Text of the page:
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Political leaders of all nations (and the majority of religious, artistic, educational, and scientific leaders) seek temporal power. Temporal power loathes admitting that it is a mirage, that death overtakes us all, no matter the context surrounding us, and that upon death, all we sought returns to the absolute zero meaning it always had.

Regardless of whether one believes in the Christian faith, the recognition that the quest for temporal power is inherently a combination of lies, ignorance, and delusion underlies the reality that many spiritual leaders have identified throughout history. Seeing the world in the absence of this overlay of "what we think it should be" is a blessing. I only wish more were open to it, but even that wish is more "what we think it should be."

I have been doing some reading on Jesus by [deleted] in whatever

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The human mind has a foundational pattern of existence: it fills in the gaps. Our minds are designed to work by patterns. If there is not a pattern there for our mind to work by, we fill in the material necessary to make a pattern out of whatever few scraps of information we have. What we don't have, we make up.

This is the basis of religions. We start with an event or a set of events - which, in the nature of all events - are confusing, with threads leading in several different (often contradictory) directions. But the mind cannot hold on to this "chaos". The mind hates to be confused, so we immediately fill out "the pattern". It's an unconscious process; it can be witnessed, but it cannot be stopped.

So what exactly happened that created the "Jesus" stories? Nobody will ever know. That's not an exaggeration; it's the nature of how events are passed along through the stream of communication. Everyone who tells the story modifies it just a bit - either unintentionally or with an explicit agenda - to the point that we receive it and do the same. This process never ends. For the most visible current example, look at the split that is developing among churches arguing about whether trans ideology fits within the philosophy of Christianity.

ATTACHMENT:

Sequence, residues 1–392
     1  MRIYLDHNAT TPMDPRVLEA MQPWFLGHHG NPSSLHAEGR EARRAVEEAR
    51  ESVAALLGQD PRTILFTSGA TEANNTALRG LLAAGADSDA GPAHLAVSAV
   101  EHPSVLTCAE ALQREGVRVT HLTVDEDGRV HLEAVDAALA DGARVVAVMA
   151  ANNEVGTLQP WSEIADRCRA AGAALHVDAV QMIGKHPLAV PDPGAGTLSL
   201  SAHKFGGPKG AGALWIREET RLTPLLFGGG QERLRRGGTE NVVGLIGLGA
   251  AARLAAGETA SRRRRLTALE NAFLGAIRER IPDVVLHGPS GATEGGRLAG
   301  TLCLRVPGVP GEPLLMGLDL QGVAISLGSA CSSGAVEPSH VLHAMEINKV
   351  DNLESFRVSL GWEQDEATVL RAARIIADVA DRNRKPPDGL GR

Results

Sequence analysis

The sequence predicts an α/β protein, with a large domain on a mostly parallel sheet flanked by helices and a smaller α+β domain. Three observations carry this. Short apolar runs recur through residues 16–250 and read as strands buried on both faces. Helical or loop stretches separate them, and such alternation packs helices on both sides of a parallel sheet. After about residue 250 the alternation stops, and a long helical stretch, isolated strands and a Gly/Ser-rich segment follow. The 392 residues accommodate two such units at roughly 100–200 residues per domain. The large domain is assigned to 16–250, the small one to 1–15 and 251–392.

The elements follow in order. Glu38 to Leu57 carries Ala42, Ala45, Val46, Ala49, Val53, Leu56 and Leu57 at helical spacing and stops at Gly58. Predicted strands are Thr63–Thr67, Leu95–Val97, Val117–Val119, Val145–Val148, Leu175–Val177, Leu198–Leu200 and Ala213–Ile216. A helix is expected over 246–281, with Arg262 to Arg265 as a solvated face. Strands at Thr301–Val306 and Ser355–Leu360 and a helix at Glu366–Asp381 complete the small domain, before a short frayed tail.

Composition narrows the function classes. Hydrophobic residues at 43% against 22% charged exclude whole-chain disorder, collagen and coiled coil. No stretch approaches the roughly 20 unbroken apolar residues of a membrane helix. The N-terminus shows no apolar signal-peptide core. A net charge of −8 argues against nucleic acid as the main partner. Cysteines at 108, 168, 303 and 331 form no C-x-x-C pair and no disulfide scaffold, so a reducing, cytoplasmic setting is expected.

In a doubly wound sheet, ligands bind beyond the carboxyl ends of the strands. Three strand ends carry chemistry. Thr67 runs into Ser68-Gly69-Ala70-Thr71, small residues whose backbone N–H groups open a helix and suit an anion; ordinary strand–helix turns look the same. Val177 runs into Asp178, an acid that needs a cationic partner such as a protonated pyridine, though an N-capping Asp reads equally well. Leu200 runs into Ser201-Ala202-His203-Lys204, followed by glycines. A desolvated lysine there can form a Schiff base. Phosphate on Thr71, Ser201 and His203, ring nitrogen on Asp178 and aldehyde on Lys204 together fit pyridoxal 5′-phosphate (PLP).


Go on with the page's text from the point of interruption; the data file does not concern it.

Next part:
This thread is yet more continuation of this process, at our own level.

There is no such thing as a "static" religion, any more than there is a static state to any other philosophy.

Each of us - to settle into a fully-formed human - must find our own individual relationship with this existence that surrounds us and comprises us. Even to "accept" some structure such as Christianity requires this process. One person's "faith" will be unique even relative to others who claim to share the same.

Who was Jesus? We will each find a figure in the recorded quotes that corresponds to some internal prompting within ourselves. Each of these images of him will be as unique as we ourselves are.

What is this? Who am I? Answering these questions is a permanently incomplete process. Until we address them directly, however, the reality we are surrounded by seems chaotic and hostile. The only way to peaceful existence within this reality we share is to face the confusion and realize just that: it's designed to be just as confusing as it ends up being. The confusion itself is hardwired in; as such being confused is just as perfect - and more accurate, though no "better" - as thinking to have "the answer" to a "question" which inherently exists beyond the limitation that any answer must necessarily place upon it.

It's a Joke by Views in whatever

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You and I represent two sides of a coin. We keep going back and forth, and that too is part of the game.

You are determined to divide, and to find your suffering at the hands of "them". But the "archons" as you call them are here and gone as well. Even gods go away. Are Zeus or Jove still around?

In this instant, we have a choice. Not tomorrow, not yesterday, not 10 seconds from now, not 10 seconds ago. NOW. How are we going to approach what's in front of us (absolutely whatever that be)? If we choose to fight, then "it" will fight back (Newton's Third Law applied more broadly). What instead will life look like, however, if we choose to welcome "it" and dance?

general thoughts on philosophy? by yelgy in AskSaidIt

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A philosopher once said to a fish "The purpose of life is To reason and become wise."